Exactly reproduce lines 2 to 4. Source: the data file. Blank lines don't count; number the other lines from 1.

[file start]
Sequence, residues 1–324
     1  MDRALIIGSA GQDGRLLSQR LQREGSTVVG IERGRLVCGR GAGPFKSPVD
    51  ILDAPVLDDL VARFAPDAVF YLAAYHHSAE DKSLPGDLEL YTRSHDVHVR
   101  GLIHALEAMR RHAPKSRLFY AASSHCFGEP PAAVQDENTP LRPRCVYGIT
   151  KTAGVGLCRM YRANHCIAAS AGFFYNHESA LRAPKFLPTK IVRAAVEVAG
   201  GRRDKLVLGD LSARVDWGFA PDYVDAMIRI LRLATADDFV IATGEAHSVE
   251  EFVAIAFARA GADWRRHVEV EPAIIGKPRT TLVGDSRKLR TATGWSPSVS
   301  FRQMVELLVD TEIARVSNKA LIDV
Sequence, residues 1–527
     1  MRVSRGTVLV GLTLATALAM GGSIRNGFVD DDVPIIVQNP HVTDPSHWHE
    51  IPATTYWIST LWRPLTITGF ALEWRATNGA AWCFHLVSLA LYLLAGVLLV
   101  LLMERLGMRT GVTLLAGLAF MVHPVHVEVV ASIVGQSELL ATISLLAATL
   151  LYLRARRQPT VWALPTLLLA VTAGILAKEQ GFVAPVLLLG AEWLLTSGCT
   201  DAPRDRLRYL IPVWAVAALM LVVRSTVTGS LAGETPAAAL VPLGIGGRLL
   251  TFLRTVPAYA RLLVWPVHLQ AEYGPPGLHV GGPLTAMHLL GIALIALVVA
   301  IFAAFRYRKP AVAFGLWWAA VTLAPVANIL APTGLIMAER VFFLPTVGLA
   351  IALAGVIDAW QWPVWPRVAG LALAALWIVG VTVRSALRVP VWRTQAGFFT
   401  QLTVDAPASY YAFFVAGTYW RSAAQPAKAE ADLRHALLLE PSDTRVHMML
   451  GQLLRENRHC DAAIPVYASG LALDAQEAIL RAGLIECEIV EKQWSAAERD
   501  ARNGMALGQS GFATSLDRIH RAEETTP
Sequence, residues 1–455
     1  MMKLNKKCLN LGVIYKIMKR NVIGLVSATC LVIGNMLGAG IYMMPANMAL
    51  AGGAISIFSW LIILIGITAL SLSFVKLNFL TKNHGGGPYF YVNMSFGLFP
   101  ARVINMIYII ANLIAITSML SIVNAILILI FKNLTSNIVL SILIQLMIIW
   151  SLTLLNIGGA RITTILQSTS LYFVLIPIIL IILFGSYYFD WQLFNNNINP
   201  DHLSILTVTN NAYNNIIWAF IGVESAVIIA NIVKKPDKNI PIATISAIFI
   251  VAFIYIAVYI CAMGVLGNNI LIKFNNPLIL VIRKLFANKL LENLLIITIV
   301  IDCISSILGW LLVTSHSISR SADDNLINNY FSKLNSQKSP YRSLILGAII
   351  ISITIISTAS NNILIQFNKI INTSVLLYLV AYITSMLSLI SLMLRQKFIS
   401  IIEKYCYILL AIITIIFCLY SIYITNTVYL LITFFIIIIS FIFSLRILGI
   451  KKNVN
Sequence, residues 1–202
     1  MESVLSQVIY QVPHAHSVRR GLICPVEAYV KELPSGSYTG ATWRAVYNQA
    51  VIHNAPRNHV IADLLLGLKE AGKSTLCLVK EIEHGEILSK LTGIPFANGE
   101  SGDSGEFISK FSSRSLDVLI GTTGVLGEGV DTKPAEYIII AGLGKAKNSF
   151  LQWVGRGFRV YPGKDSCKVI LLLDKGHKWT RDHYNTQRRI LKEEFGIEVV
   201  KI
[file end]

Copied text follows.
     1  MDRALIIGSA GQDGRLLSQR LQREGSTVVG IERGRLVCGR GAGPFKSPVD
    51  ILDAPVLDDL VARFAPDAVF YLAAYHHSAE DKSLPGDLEL YTRSHDVHVR
   101  GLIHALEAMR RHAPKSRLFY AASSHCFGEP PAAVQDENTP LRPRCVYGIT